The Wages of Appeasement: 2nd NoKo Nuke Test

Anyone who reads this New York Times article on North Korea's second nuclear test by Choe Sang-Hun will be left with the distinct impression that, 1) North Korea is spitting in Obama's and America's face, and 2) the more he spits the more we grovel.

North Korea cut off talks with the US a few months ago citing "hostility" by the Obama administration. Since then we have dispatched two different envoys to try and get the moribund nuclear talks going again. They came with soft words of reconciliation and a desire for peace.

Kim Jung Il's regime spit back in our face by arresting a couple of journalists, all but breaking off relations with South Korea, and once again accusing the US of having a hostile attitude towards the North Koreans.

The result is this second, and potentially more successful nuke test than the first which many analysts judged a nuclear fizzle:

Word of the test sent a shudder through Asian financial markets and clearly caught South Korea and the United States off guard. The news hit just as South Korea's government and people were mourning the suicide of former President Roh Moo-hyun. And hours after the test was reported, South Korean state media reported that the North had fired a short-range missile.

The nuclear test also came against a backdrop of uncertainty about North Korea's reclusive leader, Kim Jong-il, and speculation about who might succeed him. Mr. Kim suffered a stroke last August, which prompted him to step up preparations to transfer power to one of his three known sons. Analysts believe the favorite son is his youngest, Kim Jong-un, who is in his mid-20s.

Doesn't the CIA get tired of being "surprised" by important world events? I have great admiration for the men and women who serve in our intelligence community, but how is it US leaders are "caught off guard" or "surprised" when a thug regime like North Korea tests a nuclear weapon when we have the most sophisticated satellites ever invented? Yes, human intelligence (Humint) is almost impossible to come by in North Korea but one would think that conducting a nuclear test would necessarily cause some commotion at the test site.

Regardless, the test is a direct consequence of our attempt to appease Kim by, in essence, bribing him with deliveries of food, fuel, and infrastructure improvements. None of it matters because in the end, Kim has no intention of dropping his nuclear program. Why should he when there are no consequences for bad behavior  - like testing a bomb? We'll wait a couple of weeks and then dispatch another envoy who will seek to reopen "negotiations" with Kim. Perhaps the tyrant will deign to throw Obama a bone and magnanimously agree to waste more time while his scientists and engineers perfect their little toy.

The world will regret not dealing with this thug when we had the chance.


Anyone who reads this New York Times article on North Korea's second nuclear test by Choe Sang-Hun will be left with the distinct impression that, 1) North Korea is spitting in Obama's and America's face, and 2) the more he spits the more we grovel.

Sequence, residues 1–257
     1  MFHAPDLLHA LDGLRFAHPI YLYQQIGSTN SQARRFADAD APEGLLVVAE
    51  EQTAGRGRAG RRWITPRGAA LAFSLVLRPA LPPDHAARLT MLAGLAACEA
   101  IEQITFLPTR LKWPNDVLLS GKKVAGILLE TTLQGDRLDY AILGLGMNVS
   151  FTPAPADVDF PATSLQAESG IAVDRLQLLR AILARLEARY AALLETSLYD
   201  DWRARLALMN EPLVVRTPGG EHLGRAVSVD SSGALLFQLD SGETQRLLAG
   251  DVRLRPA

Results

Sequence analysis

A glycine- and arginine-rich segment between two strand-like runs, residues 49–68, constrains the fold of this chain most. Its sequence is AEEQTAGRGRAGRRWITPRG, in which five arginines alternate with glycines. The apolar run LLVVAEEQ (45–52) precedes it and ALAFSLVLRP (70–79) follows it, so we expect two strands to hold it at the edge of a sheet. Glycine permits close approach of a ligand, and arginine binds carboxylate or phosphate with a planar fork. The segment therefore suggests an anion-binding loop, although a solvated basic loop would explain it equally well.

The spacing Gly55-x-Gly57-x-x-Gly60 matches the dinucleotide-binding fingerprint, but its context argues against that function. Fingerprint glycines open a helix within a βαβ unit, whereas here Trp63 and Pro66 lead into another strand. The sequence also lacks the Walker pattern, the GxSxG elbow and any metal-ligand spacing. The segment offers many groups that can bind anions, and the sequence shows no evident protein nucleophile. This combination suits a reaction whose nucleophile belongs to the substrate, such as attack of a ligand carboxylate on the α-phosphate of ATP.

North Korea cut off talks with the US a few months ago citing "hostility" by the Obama administration. Since then we have dispatched two different envoys to try and get the moribund nuclear talks going again. They came with soft words of reconciliation and a desire for peace.

Kim Jung Il's regime spit back in our face by arresting a couple of journalists, all but breaking off relations with South Korea, and once again accusing the US of having a hostile attitude towards the North Koreans.

The result is this second, and potentially more successful nuke test than the first which many analysts judged a nuclear fizzle:

Word of the test sent a shudder through Asian financial markets and clearly caught South Korea and the United States off guard. The news hit just as South Korea's government and people were mourning the suicide of former President Roh Moo-hyun. And hours after the test was reported, South Korean state media reported that the North had fired a short-range missile.

The nuclear test also came against a backdrop of uncertainty about North Korea's reclusive leader, Kim Jong-il, and speculation about who might succeed him. Mr. Kim suffered a stroke last August, which prompted him to step up preparations to transfer power to one of his three known sons. Analysts believe the favorite son is his youngest, Kim Jong-un, who is in his mid-20s.

Doesn't the CIA get tired of being "surprised" by important world events? I have great admiration for the men and women who serve in our intelligence community, but how is it US leaders are "caught off guard" or "surprised" when a thug regime like North Korea tests a nuclear weapon when we have the most sophisticated satellites ever invented? Yes, human intelligence (Humint) is almost impossible to come by in North Korea but one would think that conducting a nuclear test would necessarily cause some commotion at the test site.

Regardless, the test is a direct consequence of our attempt to appease Kim by, in essence, bribing him with deliveries of food, fuel, and infrastructure improvements. None of it matters because in the end, Kim has no intention of dropping his nuclear program. Why should he when there are no consequences for bad behavior  - like testing a bomb? We'll wait a couple of weeks and then dispatch another envoy who will seek to reopen "negotiations" with Kim. Perhaps the tyrant will deign to throw Obama a bone and magnanimously agree to waste more time while his scientists and engineers perfect their little toy.

The world will regret not dealing with this thug when we had the chance.